2239. Colorectal cancer screening rates and outcomes in HIV-infected and HIV-uninfected individuals
Session: Poster Abstract Session: HIV: Malignancy
Saturday, October 6, 2018
Room: S Poster Hall
Posters
  • Lam-IDWeek-CRCscreen-poster-20180914-submitted.pdf (284.6 kB)
  • Background: As people with HIV live longer, age-appropriate colorectal cancer (CRC) screening will be an increasingly important component of care. However, it remains unclear whether CRC screening guidelines for the general population, which recommend screening of average-risk persons starting at age 50, are appropriate for people with HIV particularly those with advanced HIV disease.

    Methods: We compared CRC screening rates and outcomes among HIV-infected and demographically-matched HIV-uninfected subjects in a large integrated healthcare system. Using electronic health records, we identified subjects aged 50-75 years during 2005 to 2016 with no prior CRC screening. We evaluated time to first CRC screen (FIT, sigmoidoscopy or colonoscopy) using Kaplan-Meier estimates, and compared adenoma and CRC prevalence following first sigmoidoscopy or colonoscopy, by HIV status. Adjusted prevalence ratios (PR) accounted for sex, age, race, smoking status, body mass index, and diagnosis of type 2 diabetes or inflammatory bowel disease. Among HIV-infected subjects, we also evaluated whether CD4 count (<200, 200-499, ≥500) was associated with screening outcome.

    Results: Among 3,177 HIV-infected and 29,219 HIV-uninfected CRC screening-eligible subjects, HIV-infected subjects were more likely to be screened within 5 years of health plan enrollment or turning 50 (85.6% vs. 79.1%, p<0.001). Among those with a sigmoidoscopy or colonoscopy, adenoma was detected in 161 (19.6%) HIV-infected and 1,498 (22.6%) HIV-uninfected subjects (p=0.048) and CRC was detected in 4 (0.5%) HIV-infected and 69 (1.0%) HIV-uninfected subjects (p=0.13). We found suggestion of a lower prevalence of adenoma and CRC among HIV-infected subjects, which only reached statistical significance in unadjusted models (unadjusted PR: 0.86, 95% CI: 0.75-1.00, p<0.049; adjusted PR: 0.89, 95% CI: 0.77-1.03, p=0.134). Lower CD4 count did not increase likelihood of a positive CRC screening result.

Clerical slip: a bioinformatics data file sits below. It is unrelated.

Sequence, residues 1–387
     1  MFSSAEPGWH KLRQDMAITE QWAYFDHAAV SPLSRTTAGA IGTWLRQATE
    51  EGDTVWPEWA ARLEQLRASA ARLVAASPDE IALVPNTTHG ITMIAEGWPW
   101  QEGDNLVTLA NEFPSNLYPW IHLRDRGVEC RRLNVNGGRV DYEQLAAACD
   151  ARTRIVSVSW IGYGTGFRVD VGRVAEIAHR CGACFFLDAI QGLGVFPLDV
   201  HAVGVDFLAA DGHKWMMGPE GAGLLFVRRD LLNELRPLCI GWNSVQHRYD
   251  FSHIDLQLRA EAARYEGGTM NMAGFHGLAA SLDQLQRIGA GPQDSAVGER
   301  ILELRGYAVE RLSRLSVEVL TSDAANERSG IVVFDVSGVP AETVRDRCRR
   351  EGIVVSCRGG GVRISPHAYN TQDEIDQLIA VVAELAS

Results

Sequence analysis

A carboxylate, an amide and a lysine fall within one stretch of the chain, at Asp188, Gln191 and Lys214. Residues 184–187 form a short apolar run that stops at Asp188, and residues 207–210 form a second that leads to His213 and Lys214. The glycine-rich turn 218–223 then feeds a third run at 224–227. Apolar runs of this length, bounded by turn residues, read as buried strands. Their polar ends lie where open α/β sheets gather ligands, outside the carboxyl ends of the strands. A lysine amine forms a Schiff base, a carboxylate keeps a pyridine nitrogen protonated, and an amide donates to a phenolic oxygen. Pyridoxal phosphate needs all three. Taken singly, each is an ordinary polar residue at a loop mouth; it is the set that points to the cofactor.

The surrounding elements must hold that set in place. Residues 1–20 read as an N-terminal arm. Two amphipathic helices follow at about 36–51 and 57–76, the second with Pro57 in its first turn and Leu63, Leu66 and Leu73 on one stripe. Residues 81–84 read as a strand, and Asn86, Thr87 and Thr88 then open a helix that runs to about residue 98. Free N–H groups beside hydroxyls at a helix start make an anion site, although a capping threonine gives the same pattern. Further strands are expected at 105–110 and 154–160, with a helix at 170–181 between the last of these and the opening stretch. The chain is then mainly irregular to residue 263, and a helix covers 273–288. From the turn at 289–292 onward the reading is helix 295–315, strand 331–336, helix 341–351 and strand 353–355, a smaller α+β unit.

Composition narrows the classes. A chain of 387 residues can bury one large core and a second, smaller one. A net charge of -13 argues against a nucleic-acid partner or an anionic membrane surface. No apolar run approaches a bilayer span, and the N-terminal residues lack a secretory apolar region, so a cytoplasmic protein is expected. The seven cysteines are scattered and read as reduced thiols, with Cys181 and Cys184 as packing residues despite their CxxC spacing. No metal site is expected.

Conclusion: In a setting with overall high screening uptake, we found similar adenoma and CRC prevalence in individuals with and without HIV. Our findings suggest that current CRC screening guidelines for the general population are also suitable for the HIV population.

    Jennifer Lam, PhD, MPH1, Leo Hurley, MPH1, Natalia Udaltsova, PhD1, Stacey Alexeeff, PhD1, Daniel Klein, MD2, Douglas Corley, MD, PhD1 and Michael Silverberg, PhD, MPH1, (1)Kaiser Permanente Division of Research, Oakland, CA, (2)Kaiser Permanente San Leandro Medical Center, San Leandro, CA

    Disclosures:

    J. Lam, None

    L. Hurley, None

    N. Udaltsova, None

    S. Alexeeff, None

    D. Klein, None

    D. Corley, None

    M. Silverberg, Gilead: Grant Investigator , Grant recipient .

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